In this tutorial, I want to talk about the nomenclature of the complex substituents. In the last tutorial of this series, we discussed the fundamentals of the nomenclature and how it works. And now, we are going to add one more layer to it and learn how to name molecules that have complicated branches for substituents.
To start with, let’s talk about the groups that only contain 3 and 4 carbons. When it comes to the 3- and 4-carbon substituents, the IUPAC allows the use of the common names. Those are called the “retained common names” as they were retained when the modern system was accepted
There are only two 3-carbon chains. The first one has the connection at the end carbon, while the second one—at the middle carbon.
We call them the “n-propyl” and “isopropyl” groups. The “n” in n-propyl stands for “normal” which means that we have a straight chain with no branching. The “iso” in isopropyl refers to the “isomeric” propyl. This is a historic or a common name, so don’t try to put too much sense into it. Like many things in nomenclature, this is something that you just have to memorize like the dictionary words when you’re learning a new language.
One thing that I do want to point out though, is that the “i-” in the iso- prefix will count for the alphabetical order when we alphabetize our groups in the name. While the “n-” in the n-propyl doesn’t count. As the matter of fact, we will typically skip the “n” part altogether as it is redundant.
Now, the 4-carbon branch has quite a few variations!
We’ve got a normal butyl group, the sec-butyl, the isobutyl, and tert-butyl. The prefix “sec” stands for secondary, while the prefix “tert” stand for tertiary. Again, those are the traditional names, so you don’t have to remember the logic behind why there’s a “sec” or a “tert” prefix. But you will need to memorize those names and their corresponding structures for the test.
Also, just like in the case with isopropyl, the “i-” in the isobutyl will count for the alphabetical order while other prefixes won’t. Here’s a quick rule of thumb you can remember about which prefixes count and which ones don’t. If the prefix is spelled through the dash, it definitely won’t count. If the prefix modifies the structure and is spelled together, like cyclo- or iso- among the ones we’ve already seen, it will count. Finally, any numeric prefixes like di-, tri- tetra-, etc. won’t count either.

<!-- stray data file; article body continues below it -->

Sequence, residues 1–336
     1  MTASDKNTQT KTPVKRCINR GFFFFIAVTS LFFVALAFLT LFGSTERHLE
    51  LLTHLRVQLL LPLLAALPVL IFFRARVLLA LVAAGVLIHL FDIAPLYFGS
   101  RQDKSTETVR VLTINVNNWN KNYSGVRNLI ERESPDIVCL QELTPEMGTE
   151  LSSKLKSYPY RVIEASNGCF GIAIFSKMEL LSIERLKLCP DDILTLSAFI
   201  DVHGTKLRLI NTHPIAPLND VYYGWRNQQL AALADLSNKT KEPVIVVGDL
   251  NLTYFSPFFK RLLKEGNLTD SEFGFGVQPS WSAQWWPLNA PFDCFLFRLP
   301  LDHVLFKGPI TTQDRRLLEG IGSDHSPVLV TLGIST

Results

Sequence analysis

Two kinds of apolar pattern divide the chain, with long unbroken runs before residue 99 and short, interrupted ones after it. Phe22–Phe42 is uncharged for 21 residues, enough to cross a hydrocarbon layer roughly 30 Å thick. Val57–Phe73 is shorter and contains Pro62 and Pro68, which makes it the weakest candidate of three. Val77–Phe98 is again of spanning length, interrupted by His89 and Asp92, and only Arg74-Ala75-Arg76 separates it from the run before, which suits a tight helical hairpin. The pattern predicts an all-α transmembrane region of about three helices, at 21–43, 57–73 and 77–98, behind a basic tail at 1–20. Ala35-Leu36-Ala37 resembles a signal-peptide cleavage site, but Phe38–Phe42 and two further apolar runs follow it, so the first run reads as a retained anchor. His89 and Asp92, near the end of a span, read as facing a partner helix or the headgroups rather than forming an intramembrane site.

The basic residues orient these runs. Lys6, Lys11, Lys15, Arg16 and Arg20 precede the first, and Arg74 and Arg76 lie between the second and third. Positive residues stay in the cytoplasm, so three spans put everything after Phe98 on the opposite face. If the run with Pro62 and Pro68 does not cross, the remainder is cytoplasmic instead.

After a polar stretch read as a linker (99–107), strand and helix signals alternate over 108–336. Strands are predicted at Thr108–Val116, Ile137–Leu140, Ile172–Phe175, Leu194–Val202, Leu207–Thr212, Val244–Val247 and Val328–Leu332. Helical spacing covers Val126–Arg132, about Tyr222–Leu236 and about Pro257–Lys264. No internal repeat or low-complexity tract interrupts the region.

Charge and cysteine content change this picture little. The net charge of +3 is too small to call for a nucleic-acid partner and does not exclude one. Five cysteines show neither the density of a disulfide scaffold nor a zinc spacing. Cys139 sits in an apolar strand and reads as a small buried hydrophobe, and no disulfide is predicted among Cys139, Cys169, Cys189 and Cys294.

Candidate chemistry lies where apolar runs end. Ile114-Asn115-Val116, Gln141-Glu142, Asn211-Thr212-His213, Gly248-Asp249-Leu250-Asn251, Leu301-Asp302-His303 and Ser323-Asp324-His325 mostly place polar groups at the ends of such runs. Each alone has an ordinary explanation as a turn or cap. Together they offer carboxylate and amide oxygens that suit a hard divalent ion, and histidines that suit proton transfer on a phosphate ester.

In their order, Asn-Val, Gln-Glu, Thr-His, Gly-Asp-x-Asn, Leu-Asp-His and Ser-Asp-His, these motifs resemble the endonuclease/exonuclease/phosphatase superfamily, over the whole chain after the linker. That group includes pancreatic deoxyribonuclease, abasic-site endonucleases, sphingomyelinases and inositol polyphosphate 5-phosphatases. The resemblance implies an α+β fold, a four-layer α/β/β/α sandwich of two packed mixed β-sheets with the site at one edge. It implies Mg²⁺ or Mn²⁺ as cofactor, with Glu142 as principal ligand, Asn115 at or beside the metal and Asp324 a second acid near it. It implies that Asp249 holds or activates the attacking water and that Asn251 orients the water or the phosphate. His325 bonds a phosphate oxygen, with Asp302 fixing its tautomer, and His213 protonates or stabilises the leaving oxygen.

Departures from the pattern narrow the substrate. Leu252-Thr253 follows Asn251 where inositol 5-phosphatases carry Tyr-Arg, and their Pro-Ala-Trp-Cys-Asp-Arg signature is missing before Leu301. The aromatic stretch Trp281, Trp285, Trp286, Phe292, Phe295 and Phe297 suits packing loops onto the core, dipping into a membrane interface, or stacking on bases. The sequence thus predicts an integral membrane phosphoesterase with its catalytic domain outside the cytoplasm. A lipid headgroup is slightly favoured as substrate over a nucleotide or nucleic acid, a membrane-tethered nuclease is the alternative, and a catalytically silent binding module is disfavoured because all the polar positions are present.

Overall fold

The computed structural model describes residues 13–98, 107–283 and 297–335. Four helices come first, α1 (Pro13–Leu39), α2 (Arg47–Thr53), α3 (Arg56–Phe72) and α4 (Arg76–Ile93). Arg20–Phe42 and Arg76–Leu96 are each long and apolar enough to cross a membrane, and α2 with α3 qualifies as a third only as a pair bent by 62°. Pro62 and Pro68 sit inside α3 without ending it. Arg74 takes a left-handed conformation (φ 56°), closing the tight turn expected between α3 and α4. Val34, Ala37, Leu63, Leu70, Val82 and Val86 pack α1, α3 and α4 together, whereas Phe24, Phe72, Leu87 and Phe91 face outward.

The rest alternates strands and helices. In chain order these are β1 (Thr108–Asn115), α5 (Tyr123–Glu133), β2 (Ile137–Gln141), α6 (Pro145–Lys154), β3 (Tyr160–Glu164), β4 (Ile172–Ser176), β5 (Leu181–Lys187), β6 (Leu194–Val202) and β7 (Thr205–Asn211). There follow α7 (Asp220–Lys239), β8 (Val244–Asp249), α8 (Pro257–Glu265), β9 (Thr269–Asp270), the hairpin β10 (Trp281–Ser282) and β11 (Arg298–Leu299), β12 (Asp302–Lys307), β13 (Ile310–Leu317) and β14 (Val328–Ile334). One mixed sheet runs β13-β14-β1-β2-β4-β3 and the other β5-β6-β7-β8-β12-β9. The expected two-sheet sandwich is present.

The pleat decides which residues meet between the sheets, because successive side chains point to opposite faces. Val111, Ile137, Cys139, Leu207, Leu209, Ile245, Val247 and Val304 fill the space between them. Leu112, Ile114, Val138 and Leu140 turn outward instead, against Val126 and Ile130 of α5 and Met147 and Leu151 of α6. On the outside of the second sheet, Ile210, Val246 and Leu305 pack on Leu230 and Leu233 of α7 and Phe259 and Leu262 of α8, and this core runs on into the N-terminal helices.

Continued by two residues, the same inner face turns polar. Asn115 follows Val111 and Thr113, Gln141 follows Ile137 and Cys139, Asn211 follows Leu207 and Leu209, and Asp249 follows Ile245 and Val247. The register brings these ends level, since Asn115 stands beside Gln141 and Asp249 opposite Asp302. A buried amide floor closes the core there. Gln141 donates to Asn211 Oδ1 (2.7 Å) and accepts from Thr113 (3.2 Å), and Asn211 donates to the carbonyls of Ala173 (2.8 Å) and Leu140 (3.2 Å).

Alright, so those were the simple cases that you just have to memorize. How about something more complicated that we can’t commit to memory?
Here’s the example with 5 carbons. This branch is connected at the very end of the chain and doesn’t have any extra branches sticking off it.
So, as we know from the last tutorial, it’s going to be just a simple pentyl group.
Now, how about the other two? Should we use “sec” or maybe “iso” or something else?
This is where the IUPAC steps in and tells us the rule: we start numbering at the place of attachment, find the longest chain, and name the rest of the branch as if it was a standalone molecule. Then, we’ll change the ending -ane to -yl to signify that this is still a branch or a substituent and not a molecule.
Here’s how it works.
We’ll number at the carbon where it connects to the parent molecule. We then find the longest chain, which in this case is a 4-carbon chain. Then, we say that there’s a methyl group in the 1st position here and put together the rest of the name. Also, to specify that this is a complex substituent, we are going to enclose it in the parentheses. The parentheses are not optional here, so make sure you don’t forget about those on the test!
Ok. Let’s look how it works on the example.
Here we have a 6-membered ring with two branches.
The first rule of the nomenclature is to find the longest continuous chain. In this case, it’s going to be the ring itself.
Thus, our parent is going to be cyclohexane.
Next, the branch on the top is a simple ethyl group.
The bottom group is the one that we have just looked at: 1-methylbutyl.